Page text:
Flasergun8irst off, the gun is a broken toy gun that used to shoot something other than red collimated light beams. The Arduino knockoff inside reacts to a trigger pull and fires the laser for around 200 milliseconds. The gun also has a “gas gauge” that fills up with repeated shots and cools down over time. And therein lies the game — a simple race to ten, where each player only has a fixed number of shots over time.

The targets are simply a light sensor, scorekeeping LED display, and a buzzer that builds tension by beeping at you as the countdown timer ticks down. The bodies are made out of 3D-printed corners that connect some of [Mathieu]’s excess wooden goat-cheese lids.

All the code is up on GitHub so you can make your own with stuff that you’ve got lying around the house. The “gun” can be anything that you can embed a laser in that makes it aimable. Good clean fun!

Cheap Toy Airboat Gets a Cheap R/C Upgrade

[Markus Gritsch] and his son had a fun Sunday putting together a little toy airboat from a kit. They fired it up and it occurred to [Markus] that it was pretty lame. It went forward and sometimes sideward when a stray current influenced its trajectory, but it had no will of its own.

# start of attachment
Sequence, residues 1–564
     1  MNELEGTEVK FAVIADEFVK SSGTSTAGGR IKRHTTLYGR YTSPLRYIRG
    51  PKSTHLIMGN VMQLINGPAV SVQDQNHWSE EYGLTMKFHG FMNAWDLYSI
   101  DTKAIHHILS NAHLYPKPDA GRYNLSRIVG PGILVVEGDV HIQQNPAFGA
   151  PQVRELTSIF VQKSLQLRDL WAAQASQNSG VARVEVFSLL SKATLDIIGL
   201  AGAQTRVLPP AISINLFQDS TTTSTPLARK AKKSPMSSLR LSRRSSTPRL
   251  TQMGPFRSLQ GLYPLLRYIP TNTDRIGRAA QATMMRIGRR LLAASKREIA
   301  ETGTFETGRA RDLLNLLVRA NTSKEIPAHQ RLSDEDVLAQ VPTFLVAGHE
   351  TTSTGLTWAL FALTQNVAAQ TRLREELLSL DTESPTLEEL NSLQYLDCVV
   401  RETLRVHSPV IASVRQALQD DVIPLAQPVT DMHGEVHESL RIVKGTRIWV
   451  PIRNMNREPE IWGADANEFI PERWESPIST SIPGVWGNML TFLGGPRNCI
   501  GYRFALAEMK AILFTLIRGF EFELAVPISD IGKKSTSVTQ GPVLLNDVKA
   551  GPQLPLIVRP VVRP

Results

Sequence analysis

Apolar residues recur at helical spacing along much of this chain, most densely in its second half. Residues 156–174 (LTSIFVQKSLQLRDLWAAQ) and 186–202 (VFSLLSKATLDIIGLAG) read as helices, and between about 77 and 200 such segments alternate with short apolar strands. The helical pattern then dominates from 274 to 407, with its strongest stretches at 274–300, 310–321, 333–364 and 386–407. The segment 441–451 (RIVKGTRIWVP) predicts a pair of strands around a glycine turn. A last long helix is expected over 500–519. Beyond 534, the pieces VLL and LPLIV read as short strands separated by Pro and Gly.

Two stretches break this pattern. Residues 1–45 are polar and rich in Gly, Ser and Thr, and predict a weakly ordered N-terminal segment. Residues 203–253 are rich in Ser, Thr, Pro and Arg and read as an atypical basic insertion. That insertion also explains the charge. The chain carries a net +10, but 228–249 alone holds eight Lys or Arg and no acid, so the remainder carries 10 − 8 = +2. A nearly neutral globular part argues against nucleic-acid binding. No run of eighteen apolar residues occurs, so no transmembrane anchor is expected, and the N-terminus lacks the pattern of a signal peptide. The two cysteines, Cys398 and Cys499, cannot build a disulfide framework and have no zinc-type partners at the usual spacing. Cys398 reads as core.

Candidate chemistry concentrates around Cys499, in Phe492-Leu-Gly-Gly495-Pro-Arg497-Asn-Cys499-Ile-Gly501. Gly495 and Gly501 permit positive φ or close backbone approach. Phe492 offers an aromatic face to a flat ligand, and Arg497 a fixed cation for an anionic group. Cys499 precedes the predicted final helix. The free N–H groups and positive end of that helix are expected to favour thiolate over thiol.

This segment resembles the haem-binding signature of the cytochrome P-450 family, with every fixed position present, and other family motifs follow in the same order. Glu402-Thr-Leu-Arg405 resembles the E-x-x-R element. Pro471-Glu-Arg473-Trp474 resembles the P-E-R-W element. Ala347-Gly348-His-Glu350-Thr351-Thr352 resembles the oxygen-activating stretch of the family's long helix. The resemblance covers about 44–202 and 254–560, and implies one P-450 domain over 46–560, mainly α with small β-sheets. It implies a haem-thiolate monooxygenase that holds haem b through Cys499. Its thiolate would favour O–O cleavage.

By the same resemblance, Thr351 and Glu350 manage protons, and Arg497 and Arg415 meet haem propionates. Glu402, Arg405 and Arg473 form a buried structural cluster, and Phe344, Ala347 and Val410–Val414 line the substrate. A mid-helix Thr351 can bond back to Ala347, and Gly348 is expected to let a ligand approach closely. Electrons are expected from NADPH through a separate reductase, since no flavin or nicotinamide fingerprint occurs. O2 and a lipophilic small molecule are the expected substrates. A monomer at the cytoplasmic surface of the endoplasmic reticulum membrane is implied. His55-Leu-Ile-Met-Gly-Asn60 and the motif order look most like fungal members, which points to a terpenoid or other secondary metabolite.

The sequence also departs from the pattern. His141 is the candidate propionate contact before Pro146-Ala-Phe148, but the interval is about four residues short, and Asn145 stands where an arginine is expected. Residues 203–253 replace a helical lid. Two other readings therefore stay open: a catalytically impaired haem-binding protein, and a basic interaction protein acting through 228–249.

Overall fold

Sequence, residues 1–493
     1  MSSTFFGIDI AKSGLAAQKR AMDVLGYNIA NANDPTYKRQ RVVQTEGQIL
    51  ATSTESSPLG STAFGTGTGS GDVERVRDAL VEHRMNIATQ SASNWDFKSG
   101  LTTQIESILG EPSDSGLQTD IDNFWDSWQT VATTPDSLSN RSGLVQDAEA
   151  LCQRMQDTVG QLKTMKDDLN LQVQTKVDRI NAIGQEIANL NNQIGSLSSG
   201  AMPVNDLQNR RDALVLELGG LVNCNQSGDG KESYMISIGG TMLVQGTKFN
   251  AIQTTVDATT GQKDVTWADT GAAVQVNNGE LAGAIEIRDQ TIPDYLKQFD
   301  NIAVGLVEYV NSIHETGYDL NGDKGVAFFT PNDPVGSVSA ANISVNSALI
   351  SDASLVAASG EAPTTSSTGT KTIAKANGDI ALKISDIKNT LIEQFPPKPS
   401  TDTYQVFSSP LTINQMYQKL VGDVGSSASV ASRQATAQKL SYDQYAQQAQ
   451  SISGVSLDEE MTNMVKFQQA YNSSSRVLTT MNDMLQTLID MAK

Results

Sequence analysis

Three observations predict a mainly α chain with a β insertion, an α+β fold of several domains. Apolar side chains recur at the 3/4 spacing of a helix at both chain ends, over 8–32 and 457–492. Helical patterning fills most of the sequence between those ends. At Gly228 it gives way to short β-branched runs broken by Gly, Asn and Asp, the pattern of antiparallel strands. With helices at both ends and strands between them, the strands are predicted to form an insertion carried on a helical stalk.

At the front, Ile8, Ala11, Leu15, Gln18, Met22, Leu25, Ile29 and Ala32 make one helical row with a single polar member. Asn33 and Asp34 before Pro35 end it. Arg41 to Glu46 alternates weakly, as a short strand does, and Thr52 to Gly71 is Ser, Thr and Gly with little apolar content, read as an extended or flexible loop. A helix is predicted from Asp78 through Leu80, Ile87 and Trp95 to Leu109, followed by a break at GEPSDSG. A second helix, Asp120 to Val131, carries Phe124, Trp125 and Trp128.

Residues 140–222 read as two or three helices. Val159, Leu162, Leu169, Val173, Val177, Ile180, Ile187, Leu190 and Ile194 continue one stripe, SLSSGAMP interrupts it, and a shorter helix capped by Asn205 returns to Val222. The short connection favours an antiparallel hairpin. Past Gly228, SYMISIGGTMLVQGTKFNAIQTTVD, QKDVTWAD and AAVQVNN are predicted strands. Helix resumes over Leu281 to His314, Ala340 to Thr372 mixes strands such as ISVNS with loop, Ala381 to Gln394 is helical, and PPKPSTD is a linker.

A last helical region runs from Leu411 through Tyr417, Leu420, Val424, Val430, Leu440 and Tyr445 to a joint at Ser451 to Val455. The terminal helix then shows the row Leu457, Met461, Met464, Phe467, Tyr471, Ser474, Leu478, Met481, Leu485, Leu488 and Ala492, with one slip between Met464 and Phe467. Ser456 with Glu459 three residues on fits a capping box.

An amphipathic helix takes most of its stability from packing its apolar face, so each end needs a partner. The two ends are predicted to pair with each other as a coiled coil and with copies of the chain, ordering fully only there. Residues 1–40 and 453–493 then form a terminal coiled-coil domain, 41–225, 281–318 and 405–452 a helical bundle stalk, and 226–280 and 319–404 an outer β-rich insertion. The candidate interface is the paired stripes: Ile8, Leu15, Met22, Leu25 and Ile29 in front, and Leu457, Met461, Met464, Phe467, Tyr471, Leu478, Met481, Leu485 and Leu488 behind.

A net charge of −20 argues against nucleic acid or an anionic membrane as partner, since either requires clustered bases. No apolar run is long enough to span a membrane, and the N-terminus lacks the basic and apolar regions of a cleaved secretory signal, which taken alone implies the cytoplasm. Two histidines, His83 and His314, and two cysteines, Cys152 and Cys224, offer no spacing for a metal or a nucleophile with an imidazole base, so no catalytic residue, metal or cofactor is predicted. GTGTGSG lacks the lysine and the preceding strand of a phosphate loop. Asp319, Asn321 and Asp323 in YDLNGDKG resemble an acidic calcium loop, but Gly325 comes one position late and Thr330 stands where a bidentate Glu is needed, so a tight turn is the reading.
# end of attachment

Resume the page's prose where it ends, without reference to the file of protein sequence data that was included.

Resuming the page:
The boat was extracted from water before it could wander off and find itself lost forever. [Markus] did a mental inventory of his hacker bench and decided this was a quickly rectified design shortcoming. He applied a cheap knock-off arduino, equally cheap nRF24L01+ chip of dubious parentage, and their equivalent hobby servo to the problem.

Some quick coding later, assisted by prior work from other RC enthusiasts, the little boat was significantly upgraded. Now the boat could be brought back to shore using any R/C controller that supported the, “Bayang,” protocol. He wouldn’t have to face the future in which he’d have to explain to his son that the boat, like treacherous helium balloons, was just gone. Video after the break.

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Parent To The Power Wheels Rescue